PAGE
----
Assessing Business Readiness for Transformation
Tradition and legacy are often markers of culture and success. Businesses are certainly not wrong to hold these markers in a valuable light, but tradition and legacy by themselves are not enough to survive in the modern world and in the modern market. Contextualization, modernization, and overall transformation are important for making modern businesses competitive, and they can push a brand from new growth to successful.
However, transformation, especially in a digital sense, is not just a magic word that fixes everything. It can be a difficult and taxing process, and one that can only really pay off if your business is ready. There are plenty of infrastructure and culture details to sort out before you venture into the challenges of transformation. Let’s take a look at some of the work that needs to be done, some of the challenges that you might face, and what happens after the process.
While there is no comprehensive list of indicators that can tell you if your specific business is ready for transformation, there are a few key things to look out for and consider. It’s important to note, also, that some indicators might seem to contradict each other, or at least have some tension between them.
Strong company culture is a key indicator. Remember, a transformation is a tough process, and if your team isn’t ready to stick with the company while this process is pulled off, it can be a dangerous roll of the dice. Having a healthy workplace environment, aligning workers’ interests and aspirations with the company direction, and having a high level of trust between the workers and leadership, making sure that company culture are all rock solid is a great first step.
Clear company direction is another crucial indicator. We mentioned that transformation isn’t just a magic word that fixes everything, and direction is the biggest caveat there. Transformation, especially digitalization, needs to take the company somewhere. Overhauling infrastructure and re-defining processes is going to do little good if there’s no clear vision for what these new tools are going to actually do.
Plateauing performance is one of the most important indicators. If good growth has been part of your company’s trajectory, but that growth has slowed down or stopped altogether, transformation might be on the horizon. This can be a tricky indicator to judge, because plateauing can also be a symptom of other foundations falling short all of a sudden. However, if your team is working well, your trajectory is well-defined, productivity is generally up, and growth still seems harder to achieve, it might be time to invest in some change.
General technical/technological debt is a more specific version of the previous indicator. Things might be running as smoothly as possible, but if it becomes clear that your team is doing their best with the technology, tools, and training that they have, and it’s clear that some of these elements are a tad outdated, then an upgrade might be in order. This upgrade might mean a few small additions and updates, or it could be the spark for a full digital transformation.
Overcoming Certain Challenges
Just like transformation isn’t a magic word, these indicators aren’t met just by mentioning or recognizing them. Reaching good standing with each of these, and other important indicators, can be a big challenge in and of itself. Fortunately, there are a few tried and true ways of doing just that.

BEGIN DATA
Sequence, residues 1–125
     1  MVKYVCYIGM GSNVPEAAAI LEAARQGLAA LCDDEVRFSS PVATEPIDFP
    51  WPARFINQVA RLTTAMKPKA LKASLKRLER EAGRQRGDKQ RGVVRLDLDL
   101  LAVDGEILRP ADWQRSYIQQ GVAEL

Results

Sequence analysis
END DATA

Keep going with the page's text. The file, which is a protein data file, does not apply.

OKRs, or Objectives and Key Results, is a leadership and planning framework that breaks down larger, more abstract goals (objectives) into more immediate, more measurable, and more digestible tasks (key results). This framework can work wonders for trajectory and for fine-tuning company principles, since it allows leadership to more explicitly tie long-term efforts to tangible tasks. This also helps workers connect to the work that they’re doing, since the value of each task is outlined more clearly.
Leadership style is a big part of building up a great workplace culture and environment. Specifically, mentor management and servant leadership are philosophies that help leaders invest in their businesses by investing in their workers first. You can’t expect workers to genuinely commit to the company mission if they don’t feel safe, welcome, and supported at work, and so investing in workers needs to come first!
Audits are another great way to gauge these indicators. They can work in a variety of different ways, and your specific workplace structure might determine what kinds of audits will work better for you. Audits are crucial for establishing communication between leadership and the actual working conditions, and understanding more directly where everything and everyone stands. Audits can pinpoint problems with any of the indicators, and especially with the technological debt.
Moving Forward Purposefully
Once transformation has taken place, the work isn’t suddenly over. Moving forward after a major transformation means continuing all the previous points. While there are certain moments in time in which specific, popular, and sudden transformations need to be made, transformation is actually a common and often continuous process. Every day, we are learning more about our markets, our industries, our teams, and about what it means to be successful.
This means that transformation can’t just be a one-off process. Keeping up with OKRs by using powerful leadership frameworks and audits ensures that your transformation continues to materialize in the most efficient and helpful ways possible. It also keeps you ready and alert for ongoing and future transformations that need to take place. At the end of the day, any and all growth lays the foundation for more growth in the future—it is never the final destination.
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